Tradicionalno, video je dostavljen klijentu na jedan od dva načina:bilo progresivnim preuzimanjem korišćenjem široko podržanog HTTP protokola, ili strimovanjem, korišćenjem protokola RTP, RTMP, UDP, ili TCP, u saradnji sa specijalizovanim serverom softvera za rukovanje tokom (npr. Flash Media Server ili Windows Media Services). Ove dve metode dostave imaju i prednosti i mane. Streaming medija protokoli nude gledaocu bolje iskustvo omogućavajuci videu da reprodukuje odmah, bez potrebe da prvo sačekamo da su potpunosti uploaduje. Oni su takođe omogućili takve karakteristike kao adaptivne bitrate strimovanja da nadoknadi za fluktuacije u korisničkom protok, uživo gledanje, sadržaj enkripciju, i pametne ribanje. Ove karakteristike su često vrlo skupe, međutim, i kao takve nije su održiva opcija za mnoge sadržaje. Isporuka preko HTTP, s druge strane, traži kompletan file download pre nego se moze poceti gledanje. Pored toga, sadržaj prebačen na ovaj način je uskladištena na hard disku krajnjeg korisnika, i zbog toga često nije najbolje rešenje za prikazivanje zaštićenog sadržaja autorskih prava. Međutim, podrška za HTTP protokol bio je i ostao, veoma rasprostranjen. Specijalizovani server tehnologije se ne zahteva da bi se dostavio sadržaj preko HTTP- jednostavno (i besplatano) ce to uraditi web server. Biti podrzan postojećim i rasprostranjenim serverom hardvera i caching infrastruktura nastavlja da bude jedan od glavnih prednosti pri korišćenju HTTP protokola.


U prošlosti, provajderi sadržaja su često bili suočeni sa teškom dilemom. Da li bi oni trebali da naprave velike finansijske investicije u cilju pružanja najboljeg streaming videa iskustva svojim krajnjim korisnicima? Ili bi njihov ROI bio bolji ako isporuci robustano iskustvo gledanja, iako ima potencijalno veću publiku, preko HTTPa? Kompanije kao što su Move Networks, Microsoft, Adobe i Apple su došli sa svojim jedinstvenim rešenjima ovog problema – dinamičan problem streaming medija preko HTTP protokola. Svako rešenje podrazumeva razbijanje kodiranih medijskih datoteka u manje komade, koji su zatim ponovo okupljeni od strane medija playera klijenta.

Nekoliko adaptivnih bitrate streaming rešenja:

HTTP Dynamic Streaming – Adobe

Od puštanja Adobe Flash Playera 10.1, i Open Source Media Framework 1.0 (OSMF), sadržaj isporuke usluga, stvaraoci i izdavači imali su opciju usklađivanje HTTP Dynamic Streaming da znatno povećaju svoj domet kada je u pitanju pružanje kvalitetnih video iskustva klijentu. HTTP Dinamic Streaming (HDS) je prava streaming tehnologija, ali ne zavisi od specijalizovanih streaming servera ili vlasničkih transfer protokola. . Pored toga, potreban alat da biste gledali svoj video preko HTTP dobija se besplatno sa Adobe.

Da biste pripremili svoje medije za HDS, uradite sledeće:

Spakujte vaš FLV, F4V ili druge MP4-kompatibilne datoteke pomoću slobodanog f4fpackager alata.

Preuzmite f4fpackager. f4fpackager je komandna linija alat dostupan za Windows i Linux koji koristite za pretvaranje svoje izvorne medijske datoteke u nužno-fragmentiranedatoteke potrebne za strimovanje. Možete skinuti packager  besplatno sami, ili koristite verziju koja se isporučuje u okviru Flash Media Server 4.0 i dalje. Proces je prilično jednostavan i brz, mnogo brži nego kodiranje izvornog fajla za početak! Za pokretanje Packager u operativnom sistemu Windows, na komandnoj liniji, “cd” u svoj Flash Media Server ili Apache web server instalaciom ““tools\f4fpackager” foldera. Odavde se lako pokrene Packager jednostavnim kucanjem “F4” (tada Tab), i pustiti komandni prozor da auto kompletira pokretanje f4fpackager.exe. Dajte Packageru najmanje sledeće argumente:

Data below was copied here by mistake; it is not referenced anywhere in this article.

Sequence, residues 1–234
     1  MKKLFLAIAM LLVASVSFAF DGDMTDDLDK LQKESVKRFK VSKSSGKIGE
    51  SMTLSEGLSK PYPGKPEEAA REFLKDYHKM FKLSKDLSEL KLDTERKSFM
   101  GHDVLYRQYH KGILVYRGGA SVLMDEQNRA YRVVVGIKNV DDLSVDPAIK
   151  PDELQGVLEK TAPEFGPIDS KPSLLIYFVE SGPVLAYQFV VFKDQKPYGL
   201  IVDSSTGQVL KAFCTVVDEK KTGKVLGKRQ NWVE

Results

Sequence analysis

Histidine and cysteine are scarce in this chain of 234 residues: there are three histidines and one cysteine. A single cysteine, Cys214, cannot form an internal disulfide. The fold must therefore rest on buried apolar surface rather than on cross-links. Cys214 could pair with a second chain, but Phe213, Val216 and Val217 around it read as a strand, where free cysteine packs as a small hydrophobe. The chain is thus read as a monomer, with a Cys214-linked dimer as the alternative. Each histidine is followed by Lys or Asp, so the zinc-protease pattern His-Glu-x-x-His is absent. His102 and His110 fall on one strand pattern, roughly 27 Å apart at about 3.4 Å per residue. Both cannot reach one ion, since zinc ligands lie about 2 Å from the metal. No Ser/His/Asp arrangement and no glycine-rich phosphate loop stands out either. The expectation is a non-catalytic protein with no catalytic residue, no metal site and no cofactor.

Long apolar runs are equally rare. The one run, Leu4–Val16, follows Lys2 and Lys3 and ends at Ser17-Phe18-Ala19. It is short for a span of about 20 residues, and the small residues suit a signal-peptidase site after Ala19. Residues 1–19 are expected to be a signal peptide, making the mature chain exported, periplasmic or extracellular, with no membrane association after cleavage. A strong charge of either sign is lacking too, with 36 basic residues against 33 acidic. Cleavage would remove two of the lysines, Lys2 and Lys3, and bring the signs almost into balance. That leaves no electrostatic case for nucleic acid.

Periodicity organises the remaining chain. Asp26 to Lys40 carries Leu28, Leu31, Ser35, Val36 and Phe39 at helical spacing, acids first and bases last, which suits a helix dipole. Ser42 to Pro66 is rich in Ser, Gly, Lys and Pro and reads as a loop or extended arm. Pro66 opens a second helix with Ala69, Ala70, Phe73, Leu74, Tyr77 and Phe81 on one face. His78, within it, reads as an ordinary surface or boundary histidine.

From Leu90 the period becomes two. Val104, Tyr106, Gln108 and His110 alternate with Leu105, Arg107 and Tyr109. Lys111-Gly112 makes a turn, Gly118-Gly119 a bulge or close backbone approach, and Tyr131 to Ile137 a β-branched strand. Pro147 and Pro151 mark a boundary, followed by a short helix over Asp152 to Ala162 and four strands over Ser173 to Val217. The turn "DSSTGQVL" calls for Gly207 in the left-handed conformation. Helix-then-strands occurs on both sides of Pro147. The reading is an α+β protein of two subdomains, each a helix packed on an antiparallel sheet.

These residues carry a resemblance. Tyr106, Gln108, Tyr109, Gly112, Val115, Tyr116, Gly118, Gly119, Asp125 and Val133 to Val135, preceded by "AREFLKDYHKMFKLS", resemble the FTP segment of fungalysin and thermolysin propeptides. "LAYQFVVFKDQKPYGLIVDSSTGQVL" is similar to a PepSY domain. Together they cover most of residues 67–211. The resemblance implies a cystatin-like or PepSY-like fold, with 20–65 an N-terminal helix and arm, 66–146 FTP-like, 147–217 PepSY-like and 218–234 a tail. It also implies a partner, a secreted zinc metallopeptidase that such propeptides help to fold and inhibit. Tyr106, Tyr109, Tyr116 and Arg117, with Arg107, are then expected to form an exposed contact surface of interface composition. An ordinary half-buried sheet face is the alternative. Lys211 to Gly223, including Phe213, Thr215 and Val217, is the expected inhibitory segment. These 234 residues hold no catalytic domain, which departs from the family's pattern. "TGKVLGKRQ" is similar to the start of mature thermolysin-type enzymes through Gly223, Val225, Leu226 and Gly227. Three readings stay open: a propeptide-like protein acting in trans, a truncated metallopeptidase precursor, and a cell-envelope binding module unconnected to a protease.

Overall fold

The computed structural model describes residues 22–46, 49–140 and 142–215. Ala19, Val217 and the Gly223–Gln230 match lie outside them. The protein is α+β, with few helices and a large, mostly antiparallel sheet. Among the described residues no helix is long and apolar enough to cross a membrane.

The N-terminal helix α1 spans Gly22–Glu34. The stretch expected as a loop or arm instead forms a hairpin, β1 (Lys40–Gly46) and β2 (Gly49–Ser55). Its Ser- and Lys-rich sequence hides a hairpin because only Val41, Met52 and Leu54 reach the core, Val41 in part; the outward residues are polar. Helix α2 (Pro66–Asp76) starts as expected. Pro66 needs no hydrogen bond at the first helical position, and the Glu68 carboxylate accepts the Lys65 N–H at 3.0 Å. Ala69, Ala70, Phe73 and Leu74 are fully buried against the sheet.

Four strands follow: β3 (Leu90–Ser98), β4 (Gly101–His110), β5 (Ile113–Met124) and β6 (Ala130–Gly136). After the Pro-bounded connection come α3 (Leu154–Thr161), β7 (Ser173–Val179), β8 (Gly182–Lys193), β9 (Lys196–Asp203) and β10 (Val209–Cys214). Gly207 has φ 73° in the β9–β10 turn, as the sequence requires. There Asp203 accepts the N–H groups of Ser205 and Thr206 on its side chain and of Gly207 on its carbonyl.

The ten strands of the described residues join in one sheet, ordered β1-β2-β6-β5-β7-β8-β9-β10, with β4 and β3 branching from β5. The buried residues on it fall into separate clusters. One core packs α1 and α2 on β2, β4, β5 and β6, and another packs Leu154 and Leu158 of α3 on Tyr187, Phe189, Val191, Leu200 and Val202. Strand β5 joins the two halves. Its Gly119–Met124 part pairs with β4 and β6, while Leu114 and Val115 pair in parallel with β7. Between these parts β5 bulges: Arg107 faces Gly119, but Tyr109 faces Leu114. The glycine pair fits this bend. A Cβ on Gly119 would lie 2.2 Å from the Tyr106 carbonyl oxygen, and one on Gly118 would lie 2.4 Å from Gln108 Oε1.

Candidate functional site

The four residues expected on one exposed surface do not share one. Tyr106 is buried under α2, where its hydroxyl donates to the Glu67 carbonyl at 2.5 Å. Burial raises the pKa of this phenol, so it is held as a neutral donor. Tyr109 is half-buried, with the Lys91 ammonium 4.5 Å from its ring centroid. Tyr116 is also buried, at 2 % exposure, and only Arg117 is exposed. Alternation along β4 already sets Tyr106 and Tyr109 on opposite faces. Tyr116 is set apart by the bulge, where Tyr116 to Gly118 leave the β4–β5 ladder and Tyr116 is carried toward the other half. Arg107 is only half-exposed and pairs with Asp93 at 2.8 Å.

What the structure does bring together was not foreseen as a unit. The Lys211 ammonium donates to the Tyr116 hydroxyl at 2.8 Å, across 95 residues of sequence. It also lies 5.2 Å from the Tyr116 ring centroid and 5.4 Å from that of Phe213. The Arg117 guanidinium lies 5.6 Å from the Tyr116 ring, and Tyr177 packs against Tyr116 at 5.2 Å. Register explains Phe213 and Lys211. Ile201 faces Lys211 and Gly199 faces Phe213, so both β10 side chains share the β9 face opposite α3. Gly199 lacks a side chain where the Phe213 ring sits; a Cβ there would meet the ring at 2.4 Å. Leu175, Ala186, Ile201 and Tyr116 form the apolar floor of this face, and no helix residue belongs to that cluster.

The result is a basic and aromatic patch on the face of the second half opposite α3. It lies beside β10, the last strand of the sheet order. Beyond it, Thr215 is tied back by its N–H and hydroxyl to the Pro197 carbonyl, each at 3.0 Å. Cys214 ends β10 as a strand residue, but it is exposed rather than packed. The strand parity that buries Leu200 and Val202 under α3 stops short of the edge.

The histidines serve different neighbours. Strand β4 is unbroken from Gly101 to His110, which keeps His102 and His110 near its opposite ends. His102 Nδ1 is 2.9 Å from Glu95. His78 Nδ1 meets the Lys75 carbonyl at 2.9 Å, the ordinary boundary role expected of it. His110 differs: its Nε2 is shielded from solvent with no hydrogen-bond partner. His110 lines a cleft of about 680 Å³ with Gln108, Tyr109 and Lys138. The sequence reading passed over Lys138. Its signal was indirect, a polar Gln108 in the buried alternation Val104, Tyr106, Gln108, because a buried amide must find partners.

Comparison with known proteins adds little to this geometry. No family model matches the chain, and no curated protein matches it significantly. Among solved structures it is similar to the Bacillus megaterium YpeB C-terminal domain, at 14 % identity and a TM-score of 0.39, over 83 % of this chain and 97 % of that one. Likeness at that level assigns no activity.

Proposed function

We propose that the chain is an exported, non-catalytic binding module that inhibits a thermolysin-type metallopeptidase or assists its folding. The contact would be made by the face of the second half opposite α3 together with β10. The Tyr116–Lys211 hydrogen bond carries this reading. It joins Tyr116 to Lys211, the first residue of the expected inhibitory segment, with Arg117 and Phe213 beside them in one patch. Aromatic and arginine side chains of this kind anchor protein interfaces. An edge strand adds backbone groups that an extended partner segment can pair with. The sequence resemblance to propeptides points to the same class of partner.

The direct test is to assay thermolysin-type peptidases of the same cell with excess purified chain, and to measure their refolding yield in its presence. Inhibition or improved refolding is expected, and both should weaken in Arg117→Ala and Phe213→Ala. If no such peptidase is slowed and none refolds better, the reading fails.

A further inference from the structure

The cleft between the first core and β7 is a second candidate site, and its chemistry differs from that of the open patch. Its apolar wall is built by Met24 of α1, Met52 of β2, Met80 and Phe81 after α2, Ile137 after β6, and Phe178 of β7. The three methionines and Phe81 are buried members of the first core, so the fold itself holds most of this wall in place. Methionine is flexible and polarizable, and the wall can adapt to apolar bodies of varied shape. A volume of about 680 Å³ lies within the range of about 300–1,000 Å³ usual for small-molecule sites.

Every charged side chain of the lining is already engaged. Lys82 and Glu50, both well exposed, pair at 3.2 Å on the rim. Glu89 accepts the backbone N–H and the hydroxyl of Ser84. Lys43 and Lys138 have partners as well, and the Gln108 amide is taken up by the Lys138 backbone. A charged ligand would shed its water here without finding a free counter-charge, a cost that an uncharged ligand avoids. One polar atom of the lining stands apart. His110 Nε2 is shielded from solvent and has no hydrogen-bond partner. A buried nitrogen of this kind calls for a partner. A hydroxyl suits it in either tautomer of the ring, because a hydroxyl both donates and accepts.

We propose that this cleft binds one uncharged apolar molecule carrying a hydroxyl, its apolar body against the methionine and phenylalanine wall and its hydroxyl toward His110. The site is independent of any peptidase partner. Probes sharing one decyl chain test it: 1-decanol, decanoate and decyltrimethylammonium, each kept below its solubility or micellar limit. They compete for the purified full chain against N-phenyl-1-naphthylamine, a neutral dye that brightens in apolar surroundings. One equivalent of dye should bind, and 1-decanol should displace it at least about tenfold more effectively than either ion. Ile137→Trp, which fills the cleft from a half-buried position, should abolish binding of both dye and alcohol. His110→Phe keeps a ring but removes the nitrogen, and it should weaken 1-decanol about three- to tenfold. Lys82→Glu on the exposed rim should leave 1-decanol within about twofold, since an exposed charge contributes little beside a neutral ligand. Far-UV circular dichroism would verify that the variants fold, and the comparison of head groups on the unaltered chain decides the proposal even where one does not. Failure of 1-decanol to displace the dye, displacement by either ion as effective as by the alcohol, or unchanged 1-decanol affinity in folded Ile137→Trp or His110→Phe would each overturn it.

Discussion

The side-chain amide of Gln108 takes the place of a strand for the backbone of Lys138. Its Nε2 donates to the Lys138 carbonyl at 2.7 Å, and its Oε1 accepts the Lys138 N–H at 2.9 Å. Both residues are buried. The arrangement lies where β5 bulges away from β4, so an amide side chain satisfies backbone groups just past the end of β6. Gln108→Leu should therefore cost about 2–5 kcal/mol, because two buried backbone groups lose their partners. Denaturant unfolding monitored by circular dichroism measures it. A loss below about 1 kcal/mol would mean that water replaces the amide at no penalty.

01 --input-file=<em>theFullPathToYour/Media
01 --output-path=theFullPathToTheOutputLocationOfYourChoice

Alternativno, možete izostaviti argument izlaz, a Packager će staviti upakovane fajlove u izvornom direktorijumu. Više Packager argumenta za stvari kao sto su trazenje bitrate nekog datoteke, kriptovanje, itd mogu se naći ovde.

f4fPackager at the command line
Korišćenje f4fPackager na komandnoj liniji

Ako sve ide dobro, trebalo bi da imate 3 nova fajlova za svaku izvornu datoteku koju ste poslali Packager-u:

  1. .F4M (manifest) file
  2. .F4F (fragment) file
  3. .F4x (index) file

Manifest fajl (F4M.). je XML fajl koji sadrži bitne informacije o vašim medijima koje medija plejer analizira kako bi se reprodukovao pravilno datoteku. Da biste saznali više o F4M, i. F4F tipovima datoteka., Pogledajte Džona Krozbi serija na HTTP Dinamic Streamingu

The 3 packaged files: .F4M, .F4F, and .F4X

Uverite se da imate HTTP Poreklo modula spreman zarad

Instalirajte i konfigurišite HTTP Module Porijekla u postojeću instalaciju Apache web servera. HTTP Modul porekla je proširenje na Apache web serveru koji je neophodan za striming medija preko HTTP-a za Flash Player. Možete preuzeti modul ovde.  Alternativno.,I HTTP modul porekla i Apache web server dolaze u paketu i konfigurisani sa Flash Media Server om verzije 4.0 i gore. *Napomena* Uvjerite se da se vas server Apache koristi operativni sistem Windows, podrazumevan, Apache web servis počinje konfiguraciju unutar Flash Media Servera 4 koji je postavljen na “Manual”. Možda ćete želeti da se prebaci ovo na “automatski”.